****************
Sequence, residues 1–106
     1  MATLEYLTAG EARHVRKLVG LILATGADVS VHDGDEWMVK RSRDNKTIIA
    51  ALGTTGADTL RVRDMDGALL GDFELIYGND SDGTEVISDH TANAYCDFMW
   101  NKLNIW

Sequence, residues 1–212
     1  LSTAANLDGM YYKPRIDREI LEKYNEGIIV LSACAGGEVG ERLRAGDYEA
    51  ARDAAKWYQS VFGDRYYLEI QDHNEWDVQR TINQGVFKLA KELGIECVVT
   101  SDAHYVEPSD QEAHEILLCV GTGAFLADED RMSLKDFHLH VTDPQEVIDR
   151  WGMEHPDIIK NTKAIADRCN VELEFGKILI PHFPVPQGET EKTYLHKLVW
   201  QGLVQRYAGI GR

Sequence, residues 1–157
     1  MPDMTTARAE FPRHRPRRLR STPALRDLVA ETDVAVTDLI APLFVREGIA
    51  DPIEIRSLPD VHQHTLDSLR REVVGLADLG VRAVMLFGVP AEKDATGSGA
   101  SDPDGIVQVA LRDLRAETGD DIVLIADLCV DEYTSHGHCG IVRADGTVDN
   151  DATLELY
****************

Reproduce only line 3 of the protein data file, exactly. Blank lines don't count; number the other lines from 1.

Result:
    51  ALGTTGADTL RVRDMDGALL GDFELIYGND SDGTEVISDH TANAYCDFMW